But I digress. The English language spam from Russia, or more properly the former USSR is just that on the whole, spam selling sexual titillation to the lonely and inadequate.

The Russian language spam is different - is it aimed at Russians living abroad, or does it tell us something about life in Russia today, its insecurities or its inadequacies. Or indeed plain old fashioned sexism where Marya still needs to get her kit off to sell welding rods ..

Sunday, 11 December 2011

Renaissance–pictures from the Accademia Carrara

This year’s major summer exhibition at the NGA is Renaissance – pictures from the Accademia Carrara in Bergamo.

I guess the first response is ‘Where?’ – in fact the Accademia Carrara has a good, if obscure collection of works from the late Medieaval onwards through the Renaissance and it was this collection that has been mined for the current exhibition – starting with late medieval devotional works that – while more stereotypes and individualistic than Byzantine works of the same period show the same stilted repetitive composition – here’s St Peter – don’t worry he looks the same as St George, you can tell them apart one has a big gold key and the other a sword.

Iconography to tell the stories to the people by the use of standard set of images. But behind the seemingly similar images you can see signs of change – a crucifixion that might almost have been drawn by Goya – portraits of young men that start to look like people rather than stereotypes.

You see a similar effect in the Madonna paintings. The Madonna moves from this stereotypical image to a much more individualistic pictures of a real woman with a real child. Now personally my reaction to Madonna paintings en masse is ‘God! not another bloody virgin Mary’, but put together as they are you can trace the evolution of style, of individualism, as well as the gradual improvement in technique

There are two other things that are interesting – first of all the exhibition covers the change from painting in tempera on smooth wooden boards – as in Byzantine icons, to canvas as in modern oil paintings with oil based paints, which allows more fluidity and larger paintings.

The other is the change from purely devotional art to the development of secular portraiture, first by the inclusion of pictures of the sponsors of the works in devotional paintings to portraits in their own right – saying ‘here I am, look at me’ such as in the portrait of Giovanni Bendetto Caravaggi, Rector of Padua University, which is most definitely all about saying how important a scholar Giovanni Caravaggi was.

The change in technique from board to canvas and the development of secular portraiture is neatly brought together at the end of the exhibition with two full length portraits by Giovanni Moroni that could easily pass as Dutch old masters. Comparing these with the first, late medieval,  paintings in the exhibition shows just how far art travelled during the Renaissance.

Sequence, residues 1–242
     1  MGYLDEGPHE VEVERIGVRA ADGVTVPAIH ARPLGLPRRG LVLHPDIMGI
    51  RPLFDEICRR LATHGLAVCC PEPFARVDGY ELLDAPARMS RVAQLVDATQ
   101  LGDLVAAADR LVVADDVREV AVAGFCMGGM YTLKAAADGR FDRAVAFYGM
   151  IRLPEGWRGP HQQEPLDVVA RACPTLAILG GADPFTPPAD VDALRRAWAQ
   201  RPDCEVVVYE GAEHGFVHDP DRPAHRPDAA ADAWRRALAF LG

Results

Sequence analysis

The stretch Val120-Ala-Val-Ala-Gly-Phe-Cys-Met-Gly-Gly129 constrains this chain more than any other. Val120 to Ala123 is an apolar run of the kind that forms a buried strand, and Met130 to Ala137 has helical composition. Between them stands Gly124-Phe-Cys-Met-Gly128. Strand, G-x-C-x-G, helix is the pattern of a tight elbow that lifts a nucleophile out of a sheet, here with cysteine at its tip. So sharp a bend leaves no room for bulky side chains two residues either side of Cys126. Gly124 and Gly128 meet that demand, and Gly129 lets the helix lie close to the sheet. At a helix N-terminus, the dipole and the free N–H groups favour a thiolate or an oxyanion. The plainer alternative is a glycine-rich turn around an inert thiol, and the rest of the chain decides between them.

The exhibition is on from now until Easter. Being members we went to the members private viewing on the opening night. Like the exhibition a couple of years ago of paintings from the Musee d’Orsay the NGA had managed to get access to the paintings due to restoration work back home.

Unlike the opening night of the Musee d’Orsay exhibition, there were no frightening haircuts or beards on show – perhaps because the exhibition this time required a serious interest in art history. Of course there were those there  who were there to be seen but make no mistake – this is a serious exhibition – not intellectually easy but definitely rewarding.

Wednesday, 7 December 2011

All the Ways are open [Review]

Annemarie Schwarzenbach // All the Ways are Open // Seagull Books // translated by Isabel Fargo Cole

This is not a travel book. It purports to be but it is not, instead it is a set of highly impressionistic pieces by Annemarie Schwarzenbach recounting experiences during her journey to Afghanistan in a 18HP Ford with Ella Maillart.

Ella Maillart published her own account of the journey as the Cruel Way, a book that is much more a travel book in much the same way that Robert Byron’s Road to Oxiana is a travel book.

That said Schwarzenbach’s book is enjoyable, in no small part due to the polished translation, Its impressionistic nature adds rather than detracts to its charm, giving glimpses of a more innocent world now vanished.

And that is its value – not as a travel book but as a portrait of a world that was ….

Thursday, 1 December 2011

3 months with a zPad

as I’ve previously mentioned on several occasions I bought myself a no name Chinese made Android tablet roughly three months ago.
Since then I’ve used it fairly intensively and this is a fair summation of my experience:
  • Apples are not the only fruit. Tablets don’t have to automatically be iPads. The Android experience is pretty good.
  • The software ecology in Android isn’t quite so rich – there are quite a lot of iPad only apps out there, but everything you need for something resembling work and recreational stuffing around exists for Android.
  • You don’t need to pay $600 for a tablet experience. My tablet cost me just under $300 direct from an overseas wholesaler . Lenovo and Acer periodically have specials on tablets for around $350, which seems a fair price if you want some local support and a  device sourced from somewhere in Australia
  • You can type on a glass keyboard but if you’re  seriously taking  notes invest in a cheap bluetooth keyboard or use a netbook.
  • It's really good as a way of sharing images or handing to someone to show them a document or a web page
  • It would be really nice to be able to print …